(ii) the Milestone has not been achieved to the [Funder’s] reasonable satisfaction by the relevant Milestone Date and that the payment shall not take place, in which case the [Funder] shall provide [Developer] with reasonable details of the grounds on which it has reached this decision.
The [Funder] may, at its sole discretion, grant [Developer] a reasonable period of time (“Milestone Extension”), in order to address the reasons why the [Funder] has judged that a particular Milestone has not been met. Upon the expiry of a Milestone Extension, the [Funder] shall, at its sole discretion, decide whether or not to permit full or partial payment of the relevant Tranche of funding to [Developer].
Source: taken from a research funding agreement between the Wellcome Trust (Funder) and PTC Therapeutics (Developer) under the Trust’s Seeding Drug Discovery Strategic Award Programme for the discovery and development of a novel glioblastoma treatment. Read in context.
2. Impact Metrics
Impact metrics for a product development funding agreement need to be set based on a funder’s goals for the disease(s) that the product(s) are intended to diagnose, prevent or treat. One potential approach is to present metrics by uptake, economic benefit and health benefit. This approach has been used by the Medicines Patent Pool, which has also published a modeling study on measuring economic and public health impact.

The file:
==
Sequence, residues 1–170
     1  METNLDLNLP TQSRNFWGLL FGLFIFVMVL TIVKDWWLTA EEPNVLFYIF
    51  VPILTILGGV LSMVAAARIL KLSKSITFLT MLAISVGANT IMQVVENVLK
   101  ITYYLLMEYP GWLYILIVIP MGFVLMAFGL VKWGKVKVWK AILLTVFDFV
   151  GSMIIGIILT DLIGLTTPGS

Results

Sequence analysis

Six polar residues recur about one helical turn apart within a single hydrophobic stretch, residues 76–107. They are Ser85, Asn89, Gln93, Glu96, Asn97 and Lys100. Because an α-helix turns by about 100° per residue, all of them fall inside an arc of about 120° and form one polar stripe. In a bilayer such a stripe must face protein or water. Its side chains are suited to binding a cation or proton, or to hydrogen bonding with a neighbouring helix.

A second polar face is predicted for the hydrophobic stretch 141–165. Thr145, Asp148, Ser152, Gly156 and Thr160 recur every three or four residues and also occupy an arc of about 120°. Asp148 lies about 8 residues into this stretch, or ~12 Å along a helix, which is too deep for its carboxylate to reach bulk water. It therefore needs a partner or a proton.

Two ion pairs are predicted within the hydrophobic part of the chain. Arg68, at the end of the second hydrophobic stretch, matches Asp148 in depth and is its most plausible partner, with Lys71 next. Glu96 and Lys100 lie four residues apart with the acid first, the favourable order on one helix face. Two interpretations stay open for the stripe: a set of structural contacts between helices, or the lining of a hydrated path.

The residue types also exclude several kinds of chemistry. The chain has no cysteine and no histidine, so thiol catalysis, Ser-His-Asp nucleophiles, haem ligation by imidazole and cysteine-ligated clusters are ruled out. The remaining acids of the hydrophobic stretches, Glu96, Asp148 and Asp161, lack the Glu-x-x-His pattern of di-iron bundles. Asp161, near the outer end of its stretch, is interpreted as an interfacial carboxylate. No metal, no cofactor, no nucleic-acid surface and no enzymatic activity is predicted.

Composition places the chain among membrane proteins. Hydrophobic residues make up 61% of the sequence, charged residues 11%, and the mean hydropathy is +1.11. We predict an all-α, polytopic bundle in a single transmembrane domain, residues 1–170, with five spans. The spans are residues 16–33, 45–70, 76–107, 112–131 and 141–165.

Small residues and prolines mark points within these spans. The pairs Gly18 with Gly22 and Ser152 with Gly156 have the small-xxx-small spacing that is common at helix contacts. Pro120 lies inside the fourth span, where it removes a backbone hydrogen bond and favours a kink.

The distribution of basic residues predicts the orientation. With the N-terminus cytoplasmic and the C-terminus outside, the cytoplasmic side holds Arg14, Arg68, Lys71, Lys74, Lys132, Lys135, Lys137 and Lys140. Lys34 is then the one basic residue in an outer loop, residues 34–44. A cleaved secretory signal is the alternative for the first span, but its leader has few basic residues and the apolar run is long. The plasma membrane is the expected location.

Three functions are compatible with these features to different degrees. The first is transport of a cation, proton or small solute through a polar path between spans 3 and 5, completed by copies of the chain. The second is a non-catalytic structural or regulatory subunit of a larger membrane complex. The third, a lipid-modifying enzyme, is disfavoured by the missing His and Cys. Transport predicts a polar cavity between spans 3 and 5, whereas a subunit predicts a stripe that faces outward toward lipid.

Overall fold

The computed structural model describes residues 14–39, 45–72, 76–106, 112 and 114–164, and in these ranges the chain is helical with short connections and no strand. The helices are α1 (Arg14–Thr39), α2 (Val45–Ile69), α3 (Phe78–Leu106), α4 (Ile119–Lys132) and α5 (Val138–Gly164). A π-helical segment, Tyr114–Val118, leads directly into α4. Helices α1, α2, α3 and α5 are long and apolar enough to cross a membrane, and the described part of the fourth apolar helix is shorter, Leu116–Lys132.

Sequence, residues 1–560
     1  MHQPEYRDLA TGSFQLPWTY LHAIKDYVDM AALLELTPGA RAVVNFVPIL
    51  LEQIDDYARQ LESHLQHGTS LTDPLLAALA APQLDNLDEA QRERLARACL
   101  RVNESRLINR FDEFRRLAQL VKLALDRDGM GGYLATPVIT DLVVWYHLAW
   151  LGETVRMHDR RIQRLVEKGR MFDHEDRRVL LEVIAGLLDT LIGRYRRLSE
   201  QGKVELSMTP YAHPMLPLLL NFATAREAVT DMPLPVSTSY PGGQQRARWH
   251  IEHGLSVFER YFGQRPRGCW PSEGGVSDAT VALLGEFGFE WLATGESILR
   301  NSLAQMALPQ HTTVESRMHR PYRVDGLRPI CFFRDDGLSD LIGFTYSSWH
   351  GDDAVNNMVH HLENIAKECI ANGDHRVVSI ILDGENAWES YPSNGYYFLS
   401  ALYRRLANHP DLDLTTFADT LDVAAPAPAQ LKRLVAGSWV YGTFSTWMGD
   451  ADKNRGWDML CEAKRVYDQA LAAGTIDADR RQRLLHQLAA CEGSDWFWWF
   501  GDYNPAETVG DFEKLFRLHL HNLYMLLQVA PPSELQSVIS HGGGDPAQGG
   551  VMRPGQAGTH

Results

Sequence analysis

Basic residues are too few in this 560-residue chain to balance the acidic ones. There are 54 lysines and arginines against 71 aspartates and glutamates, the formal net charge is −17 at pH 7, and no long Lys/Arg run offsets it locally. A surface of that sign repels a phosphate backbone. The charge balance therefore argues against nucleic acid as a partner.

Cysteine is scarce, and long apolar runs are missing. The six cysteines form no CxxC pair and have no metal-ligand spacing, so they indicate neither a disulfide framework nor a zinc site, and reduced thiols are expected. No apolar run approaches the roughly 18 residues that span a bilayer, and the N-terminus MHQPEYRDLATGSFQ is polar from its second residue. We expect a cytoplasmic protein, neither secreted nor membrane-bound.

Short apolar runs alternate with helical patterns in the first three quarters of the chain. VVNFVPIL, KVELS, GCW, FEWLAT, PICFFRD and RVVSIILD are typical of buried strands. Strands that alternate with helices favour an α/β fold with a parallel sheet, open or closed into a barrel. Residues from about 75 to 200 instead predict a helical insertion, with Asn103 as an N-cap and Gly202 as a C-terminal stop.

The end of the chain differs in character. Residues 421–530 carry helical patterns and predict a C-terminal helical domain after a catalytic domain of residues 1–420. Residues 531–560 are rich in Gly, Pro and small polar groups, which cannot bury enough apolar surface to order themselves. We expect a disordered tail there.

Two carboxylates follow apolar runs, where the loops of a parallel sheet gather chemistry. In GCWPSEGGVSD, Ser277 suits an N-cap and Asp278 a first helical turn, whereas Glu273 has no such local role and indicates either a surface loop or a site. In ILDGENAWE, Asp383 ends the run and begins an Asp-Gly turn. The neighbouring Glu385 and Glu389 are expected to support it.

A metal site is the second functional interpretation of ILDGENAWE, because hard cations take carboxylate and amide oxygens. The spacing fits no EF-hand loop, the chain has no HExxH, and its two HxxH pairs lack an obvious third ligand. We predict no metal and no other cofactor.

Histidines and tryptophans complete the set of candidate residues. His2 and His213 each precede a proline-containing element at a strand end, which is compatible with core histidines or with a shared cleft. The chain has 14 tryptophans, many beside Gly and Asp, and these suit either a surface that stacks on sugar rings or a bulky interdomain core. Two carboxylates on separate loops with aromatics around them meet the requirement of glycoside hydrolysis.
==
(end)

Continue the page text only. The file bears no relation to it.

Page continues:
- Number of doses supplied to a procurement body
- Number of doses administered
- Relative distribution vs. high income markets (geographic distribution)
- Cost savings compared to an alternative product
- Economic losses averted
- Increase in local manufacturing capacity
- Revenue to local manufacturers
- Deaths averted
- Volume and location of product stockpiles to be deployed in case of outbreak
Not all of the above metrics can be calculated based solely on information provided by the product developer. In order to fully assess the impact of a product developed as a result of a partnering agreement, funders, and PDPs need to consider building a network of local organizations in relevant territories. Organizations such as the International Initiative for Impact Evaluation can help to harness relevant data and provide other evidence gathering support, and the Access to Medicine Foundation highlights some best practice examples of establishing partnerships to measure and evaluate the success of access strategies. Funders may also need to consider dedicated funding for organizations to conduct detailed impact studies (see Reinvigorating Impact Evaluation for Global Development).